Pitching: Making the event organizer listen
There is no reason to beat around the bush: in this line of work we talk a lot.
While mostly this is a good thing, there is one place in particular where less is so much more: pitching.
We asked pitch-expert David Beckett how to make bureaus, event organizers and companies gravitate towards our messages.
Not surprisingly, it all starts with a precise pitch.
For David Beckett, it was a chance encounter with a new boss that got him attuned to the wonders of an accurate pitch.
“It was 1992, and I had just joined Canon. My new boss, Lance Miller, says to me: ‘If they ask for a sheet of A4, give them a document. If they want a document, give them a presentation. And if they ask for a presentation, give them the best damn pitch they’ve ever seen!’
Lance had worked in advertising for 20 years and could present a mouse so that you would believe it was a well-groomed elephant. He taught me the attitude of presenting at a higher level than the audience ever expected — on paper and in person.
I took it seriously and focused hard on my presentation skills. This became a massive asset in my 16-year corporate career because what I learned was, in a large company, people who can present well are overrated and listened to. People who can’t present well are underrated and listened to less. It’s a brutal reality; the impact this single skill can have on the career and confidence of any professional.”
Show them how you can help
“Fast forward 21 years. I’m starting as a pitch-coach, and am sitting in the HQ of Startupbootcamp, an accelerator program for startups. Patrick De Zeeuw, a serial entrepreneur and co-founder of Startupbootcamp, is reviewing one team’s pitch — and he’s not happy.
‘Where’s the pain? Stick the fork in and twist it!’”
De Zeeuw is not being sadistic, he is calling for the pitch to matter.
There is nothing in the pitch to make him feel.
He asks why he should care.
Companies, event organizers and similar will come at you from the same angle — what are you solving for them?
Too often we squander the opportunity to tell people why they need us.
Take a look at speakers on Linkedin and you will quickly find examples of a cardinal sin of pitching.
When given a chance to explain their value (it is possible right under your profile picture on your profile page) way too many people write ‘professional speaker,’ ‘TEDx speaker’ or something similar.
It should always be qualified with your topic or the pain you are easing.
This is like putting a sign outside a café with an arrow and text that simply says ‘building.’ No one does that because it isn’t helpful. There has to be a hook (i.e Coffee here!).
You should put a hook into your pitch the same way.
Instead of saying you are a speaker, draw the event organizer by being specific about what you talk about and why it matters.
Soaking in acid
When it comes right down to it, pitching is about “focusing on the right stuff within a tight time limit.” You need to take your message for a swim in acid, and remove everything but non-essentials.
Beckett gives several handy tips for achieving this in his book Pitch To Win.
Here’s our favorite three.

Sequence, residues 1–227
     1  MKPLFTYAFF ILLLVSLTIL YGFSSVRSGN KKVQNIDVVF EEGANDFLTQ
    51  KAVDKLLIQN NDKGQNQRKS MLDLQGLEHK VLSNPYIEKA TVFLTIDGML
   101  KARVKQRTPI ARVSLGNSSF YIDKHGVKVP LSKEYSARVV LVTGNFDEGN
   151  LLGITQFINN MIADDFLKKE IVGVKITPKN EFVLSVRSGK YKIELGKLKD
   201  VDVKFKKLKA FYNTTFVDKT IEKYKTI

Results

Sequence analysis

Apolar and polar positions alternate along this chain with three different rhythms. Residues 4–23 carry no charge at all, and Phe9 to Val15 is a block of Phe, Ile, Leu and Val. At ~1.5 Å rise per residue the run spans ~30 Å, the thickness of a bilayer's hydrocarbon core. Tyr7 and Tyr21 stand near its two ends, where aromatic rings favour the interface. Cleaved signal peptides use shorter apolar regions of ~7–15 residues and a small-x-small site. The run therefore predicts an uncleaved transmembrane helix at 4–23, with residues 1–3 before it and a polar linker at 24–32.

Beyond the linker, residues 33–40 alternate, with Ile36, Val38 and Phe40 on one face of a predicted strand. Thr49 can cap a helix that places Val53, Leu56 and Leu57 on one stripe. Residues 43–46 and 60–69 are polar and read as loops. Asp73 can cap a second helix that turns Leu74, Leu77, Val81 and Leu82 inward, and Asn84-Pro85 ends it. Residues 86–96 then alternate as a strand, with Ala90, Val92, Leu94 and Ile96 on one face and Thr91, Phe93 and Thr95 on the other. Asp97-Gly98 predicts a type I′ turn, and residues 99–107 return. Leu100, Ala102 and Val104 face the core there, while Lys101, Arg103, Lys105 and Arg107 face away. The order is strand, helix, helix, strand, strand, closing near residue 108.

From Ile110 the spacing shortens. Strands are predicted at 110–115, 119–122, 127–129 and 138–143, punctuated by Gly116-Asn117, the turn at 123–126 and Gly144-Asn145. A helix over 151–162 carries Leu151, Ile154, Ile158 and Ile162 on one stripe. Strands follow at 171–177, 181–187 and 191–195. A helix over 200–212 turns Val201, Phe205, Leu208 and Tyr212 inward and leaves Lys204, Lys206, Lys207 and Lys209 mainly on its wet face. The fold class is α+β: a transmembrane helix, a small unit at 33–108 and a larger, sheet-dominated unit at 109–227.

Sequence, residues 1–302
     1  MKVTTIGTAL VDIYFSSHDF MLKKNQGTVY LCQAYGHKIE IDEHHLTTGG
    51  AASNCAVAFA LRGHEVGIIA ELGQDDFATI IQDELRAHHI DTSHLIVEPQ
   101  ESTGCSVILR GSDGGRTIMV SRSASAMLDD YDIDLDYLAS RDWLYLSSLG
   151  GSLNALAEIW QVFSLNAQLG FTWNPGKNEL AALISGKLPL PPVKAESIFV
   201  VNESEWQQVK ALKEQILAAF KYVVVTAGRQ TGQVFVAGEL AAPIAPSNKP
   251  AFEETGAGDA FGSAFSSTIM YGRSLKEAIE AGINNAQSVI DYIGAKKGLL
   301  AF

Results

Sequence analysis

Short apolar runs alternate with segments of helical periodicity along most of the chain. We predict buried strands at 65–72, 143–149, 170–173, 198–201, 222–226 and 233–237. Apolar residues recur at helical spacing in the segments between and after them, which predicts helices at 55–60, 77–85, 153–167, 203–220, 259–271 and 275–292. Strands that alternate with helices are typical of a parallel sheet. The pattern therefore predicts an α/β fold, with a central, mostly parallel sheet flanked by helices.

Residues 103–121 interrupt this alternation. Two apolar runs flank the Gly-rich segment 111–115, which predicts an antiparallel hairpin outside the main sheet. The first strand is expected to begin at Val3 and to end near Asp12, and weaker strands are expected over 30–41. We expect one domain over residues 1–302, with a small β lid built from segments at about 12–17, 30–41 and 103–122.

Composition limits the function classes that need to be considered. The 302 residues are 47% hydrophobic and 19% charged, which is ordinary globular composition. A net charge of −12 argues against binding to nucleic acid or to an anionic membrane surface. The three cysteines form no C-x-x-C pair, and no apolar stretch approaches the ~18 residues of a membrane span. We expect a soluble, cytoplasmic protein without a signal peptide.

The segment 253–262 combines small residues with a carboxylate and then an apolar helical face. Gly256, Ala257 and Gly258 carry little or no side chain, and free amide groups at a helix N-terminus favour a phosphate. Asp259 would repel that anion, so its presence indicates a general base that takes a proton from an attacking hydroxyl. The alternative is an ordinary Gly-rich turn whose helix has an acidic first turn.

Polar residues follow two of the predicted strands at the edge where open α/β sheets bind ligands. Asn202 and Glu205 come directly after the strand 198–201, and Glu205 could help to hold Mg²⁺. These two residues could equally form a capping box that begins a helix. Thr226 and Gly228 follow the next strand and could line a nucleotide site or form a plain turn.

Top 3 ideas from Pitch to Win
- Never start with the tools.
Don’t start by creating your website and coming up with the copy while you are making the site. Start by deciding what you want to say about what you do. Once you have this clear, you can share a congruent message about who you are and what you do across all platforms and tools, such as your introduction or final slides, in a one-pager, on Twitter profile, and on your website.
2. Never speak faster than 140 words per minute.
There are tools you can download on your phone to check your speed. People will not be able to understand if you talk faster than this.
3. An example is worth a thousand words.
Don’t tell the event organizer you provide, for example, sales training. Tell them that ‘Company X used my services to motivate their salespeople, who performed 25% better after hearing my talk …’.
If you want to know more, reach out to David.
Closing the book
If you want to create a pitch that gets you hired, look at things from the perspective of the event organizer. Clearly address how working with you will help them.
David Beckett is an international pitch coach. In his book Pitch To Win he covers the elements of a great pitch, will teach you how to talk about yourself and your talk in a way that will get event organizers’ attention.
His website is at Best3Minutes.com
If you’d like to see the original version of this article on SpeakerLoft, please visit this link.
If you’d like to purchase your own copy of Pitch To Win, click on this affiliate link.
Want to know more?
Being able to talk to an event organizer and sell your talk can help you build your business. We have a selection of articles and expert interviews that explore this topic:
- How to create your elevator pitch and defining your “Why choose me” statement
- How to sell your talk to an event organizer
- Self-promotion without narcissism
- A guide to booking your first TED Talk
World of Speakers Podcast interviews:
- E.23: Sell your talk with Kim Orlesky
- E.47: Creating value and connections with your talks with Drew Dudley
- E.13: What event organizers look for with Jen Guerrero
- E.33: Chocolate bunnies, bowling, and broadswords: how to break into the speaking industry with Cynthia Johnson
This was originally posted on SpeakerHub Skillcamp.